This means in essence, you are telling or attempting to describe to the compiler with your code what the behavior should be, and not specifically telling it what to do or what the behavior is like with procedural programming. This might be what prompted you to ask the question.
Now remember however, that the sequencing of the if or case will affect synthesis. With FPGA's nowadays, all combinatorial part of the logic are in the form of Loop up tables which are internally designed as cascaded arrays multiplexers grouped together to form LUTs with input number N commonly 4 See here for more details, and the compiler decides how to configure these arrays of LUTs.
The ordering can affect the number of cascaded multiplexer that the compiler calculates before the output is resolved.
Note that although in theory, it is possible to get the same behaviour for both if and switch. Case is looking at a single variable and deciding cases for each possible outcome while an If statement can be applied to multiple variables at the same time.
So flexibility? I would say goes to If. However with great power comes great responsibility, if is easy it use several signals from everywhere and if not done properly can lead to bad design, ie coupling of too many variable and any change is subject to failure due to too many dependency issues. Case is suitable for state machines but that is also true for procedural languages I suppose.
In addition, if you use too many different signals to act as conditions to your If, it can affect timing. which may mean limitation in your clock frequency, if you are working with high speed and the list goes on. clock skew, need to constrain signals etc.

Recognizing patterns in a number sequence

I think this should be an AI problem.
Is there any algorithm that, given any number sequence, can find patterns?
And the patterns could be abstract as it can be...
For example:
12112111211112 ... ( increasing number of 1's separated by 2 )
1022033304440 ...
11114444333322221111444433332222.. (this can be either repetition of 1111444433332222
or
four 1's and 4's and 3's and 2's...)
and even some error might be corrected
1111111121111111111112111121111 (repetition of 1's with
intermittent 2's)
No, it's impossible, it's related to the halting problem and Gödels incompleteness theorem.
Furthermore some serious philosophical groundwork would need to be done to actually formalize the question. Firstly what is exactly meant by "recognizing a pattern". We should assume it identifies:
The most expressive true pattern. So "some numbers" is invalid as it is not expressive enough
The argument would go something like; assume the algo exists, and now consider a sequence of numbers that is a code for a sequence of programs. Now suppose we have a sequence of halting programs, by above it must know, it cannot just say "some programs" as that is not maximally expressive. So it must say "halting programs" Now given halting program P we can add it to the halting list and the algo should say "halting programs", which would conclude P halts, if it doesn't halt then the algo should say something else, like "some halting and one non halting". Therefore the algo can be used to define an algo that can decide if a program halts.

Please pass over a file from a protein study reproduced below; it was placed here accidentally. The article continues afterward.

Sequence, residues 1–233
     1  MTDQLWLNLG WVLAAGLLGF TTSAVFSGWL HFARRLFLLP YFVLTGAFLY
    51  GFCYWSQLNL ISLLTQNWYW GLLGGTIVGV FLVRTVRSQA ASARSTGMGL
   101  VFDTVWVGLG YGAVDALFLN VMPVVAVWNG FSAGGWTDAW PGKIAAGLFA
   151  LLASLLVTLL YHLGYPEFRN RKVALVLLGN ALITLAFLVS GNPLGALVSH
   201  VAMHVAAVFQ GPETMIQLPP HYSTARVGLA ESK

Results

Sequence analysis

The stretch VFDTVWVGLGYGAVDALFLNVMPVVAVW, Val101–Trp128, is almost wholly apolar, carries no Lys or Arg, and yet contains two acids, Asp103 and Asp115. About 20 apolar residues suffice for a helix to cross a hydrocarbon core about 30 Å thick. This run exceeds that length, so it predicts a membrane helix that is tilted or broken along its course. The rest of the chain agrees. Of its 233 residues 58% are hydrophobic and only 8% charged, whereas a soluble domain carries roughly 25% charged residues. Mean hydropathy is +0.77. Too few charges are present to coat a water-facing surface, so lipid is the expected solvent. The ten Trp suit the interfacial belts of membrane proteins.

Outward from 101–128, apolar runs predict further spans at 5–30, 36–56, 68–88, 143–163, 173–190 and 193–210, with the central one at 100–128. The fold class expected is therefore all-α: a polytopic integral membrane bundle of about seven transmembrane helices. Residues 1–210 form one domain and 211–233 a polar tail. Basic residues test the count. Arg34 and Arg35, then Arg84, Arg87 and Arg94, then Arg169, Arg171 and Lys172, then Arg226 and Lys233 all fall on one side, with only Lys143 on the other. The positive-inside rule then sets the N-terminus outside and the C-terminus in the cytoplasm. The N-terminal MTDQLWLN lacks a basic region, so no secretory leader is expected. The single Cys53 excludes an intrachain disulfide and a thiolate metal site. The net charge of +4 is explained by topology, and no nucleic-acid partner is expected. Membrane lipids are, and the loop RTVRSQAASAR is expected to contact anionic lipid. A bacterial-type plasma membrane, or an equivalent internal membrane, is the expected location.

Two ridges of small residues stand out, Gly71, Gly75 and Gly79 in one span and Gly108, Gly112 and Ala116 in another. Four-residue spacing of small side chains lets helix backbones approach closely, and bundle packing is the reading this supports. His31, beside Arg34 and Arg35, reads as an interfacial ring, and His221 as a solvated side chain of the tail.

Not a formal proof now, but not a formal question :) Suggest you look up Gödel, Halting problem and Kolmogorov Complexity.

Optimized binary search

I have seen many example of binary search,many method how to optimize it,so yesterday my lecturer write code (in this code let us assume that first index starts from 1 and last one is N,so that N is length of array,consider it in pseudo code.code is like this:
L:=1;
R:=N;
while( L<R)
{
m:=div(R+L,2);
if A[m]> x
{
L:=m+1;
}
else
{
R:=m;
}
}
Here we assume that array is A,so lecturer said that we are not waste time for comparing if element is at middle part of array every time,also benefit is that if element is not in array,index says about where it would be located,so it is optimal,is he right?i mean i have seen many kind of binary search from John Bentley for example(programming pearls) and so on,and is this code optimal really?it is written in pascal in my case, but language does not depend.
It really depends on whether you find the element. If you don't, this will have saved some comparisons. If you could find the element in the first couple of hops, then you've saved the work of all the later comparisons and arithmetic. If all the values in the array are distinct, it's obviously fairly unlikely that you hit the right index early on - but if you have broad swathes of the array containing the same values, that changes the maths.
This approach also means you can't narrow the range quite as much as you would otherwise - this:
R:=m;
would normally be
R:=m-1;
... although that would reasonably rarely make a significant difference.
The important point is that this doesn't change the overall complexity of the algorithm - it's still going to be O(log N).
also benefit is that if element is not in array,index says about where it would be located
That's true whether you check for equality or not. Every binary search implementation I've seen would give that information.